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✏️ Whiteboard Practice

Whiteboard Practice​

When and how whiteboarding practice is implemented will be up to your teacher. Below is a recommended prompt.


For this section's whiteboarding lesson, we’ll continue to practice with arrays, looping, and using C#'s basic operators (+, -, *, /, %)

As the interviewee:

  • Ask clarifying questions.
  • Keep talking.
  • Explain your plan at the beginning; recap what you’ve done at the end.
  • Make eye contact.
  • Plan your space.

As the interviewer:

  • Answer questions as best as you can.
  • Be encouraging. Whiteboarding is difficult!
  • Be patient. Only offer hints if your partner indicates that they need help.
  • Be engaged. Part of this practice is getting used to having someone evaluate your work as your produce it.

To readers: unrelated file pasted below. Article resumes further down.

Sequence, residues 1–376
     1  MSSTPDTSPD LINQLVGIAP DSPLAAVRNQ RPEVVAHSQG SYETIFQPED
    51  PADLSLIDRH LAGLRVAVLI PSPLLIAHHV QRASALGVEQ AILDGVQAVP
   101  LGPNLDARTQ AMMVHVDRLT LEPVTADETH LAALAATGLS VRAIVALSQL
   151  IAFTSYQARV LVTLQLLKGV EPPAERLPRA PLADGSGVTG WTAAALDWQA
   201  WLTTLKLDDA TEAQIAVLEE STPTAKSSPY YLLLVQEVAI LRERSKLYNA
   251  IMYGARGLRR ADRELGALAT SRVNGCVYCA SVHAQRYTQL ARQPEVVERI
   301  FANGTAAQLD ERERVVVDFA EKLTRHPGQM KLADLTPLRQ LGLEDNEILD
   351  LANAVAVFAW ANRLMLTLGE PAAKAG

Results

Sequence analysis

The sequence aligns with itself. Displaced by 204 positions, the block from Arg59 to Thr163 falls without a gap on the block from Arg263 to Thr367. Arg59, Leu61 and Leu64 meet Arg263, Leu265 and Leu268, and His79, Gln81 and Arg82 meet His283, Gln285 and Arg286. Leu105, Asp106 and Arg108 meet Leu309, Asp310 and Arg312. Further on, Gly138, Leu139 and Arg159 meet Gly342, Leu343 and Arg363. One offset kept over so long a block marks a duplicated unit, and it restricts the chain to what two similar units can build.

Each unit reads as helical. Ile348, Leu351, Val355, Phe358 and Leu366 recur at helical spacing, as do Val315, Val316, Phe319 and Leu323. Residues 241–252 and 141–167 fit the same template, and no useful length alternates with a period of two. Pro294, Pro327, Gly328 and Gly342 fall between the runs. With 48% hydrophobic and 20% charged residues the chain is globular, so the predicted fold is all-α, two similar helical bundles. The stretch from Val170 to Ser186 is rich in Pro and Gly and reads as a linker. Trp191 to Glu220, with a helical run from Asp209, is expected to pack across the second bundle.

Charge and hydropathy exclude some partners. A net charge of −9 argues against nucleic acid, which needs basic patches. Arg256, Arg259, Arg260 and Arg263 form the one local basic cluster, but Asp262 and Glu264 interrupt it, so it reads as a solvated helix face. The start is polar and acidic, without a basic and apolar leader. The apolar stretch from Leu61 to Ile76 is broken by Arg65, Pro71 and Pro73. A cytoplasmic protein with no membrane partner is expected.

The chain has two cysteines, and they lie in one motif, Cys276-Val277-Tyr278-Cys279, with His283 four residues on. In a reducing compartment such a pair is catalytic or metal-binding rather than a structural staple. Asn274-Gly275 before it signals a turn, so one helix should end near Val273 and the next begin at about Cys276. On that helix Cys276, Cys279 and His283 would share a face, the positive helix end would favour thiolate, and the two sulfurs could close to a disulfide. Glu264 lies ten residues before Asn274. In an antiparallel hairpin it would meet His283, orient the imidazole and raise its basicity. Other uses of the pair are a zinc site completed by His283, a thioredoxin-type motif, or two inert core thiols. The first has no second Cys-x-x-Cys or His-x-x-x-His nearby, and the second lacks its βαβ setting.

• Offer constructive feedback. Find at least one thing that your partner did well and one thing they could improve at.


1st Prompt: Write a method that returns a boolean indicating whether a number is prime. Recall that a number is prime if it is greater than 1 and is not evenly divisible by any other numbers excepting 1 and itself.


  • Given: 7, Output: true

  • Given: 2, Output: true

  • Given: 8, Output: false

2nd Prompt: Write a method that returns an array of all of the multiples for a given number. A multiple of a given number is a number that can be multiplied by a second number to make the given number.


  • Given: 7, Output: [ 1, 7 ]

  • Given: 24, Output: [ 1, 2, 3, 4, 6, 8, 12, 24 ]

Further Exploration​

  • Write a method that returns an array of all the prime numbers that are less than a given number.

    • Examples:

      • Given: 7, Output: [ 2, 3, 5 ]

      • Given: 2, Output: [ ]

  • Write a method that returns the greatest common multiple (GCM) for two given numbers. The GCM is the largest number that both given numbers are evenly divisible by.

    • Examples:

      • Given: 24, 18, Output: 6

      • Given: 50, 8, Output: 2

      • Given: 25, 5, Output: 5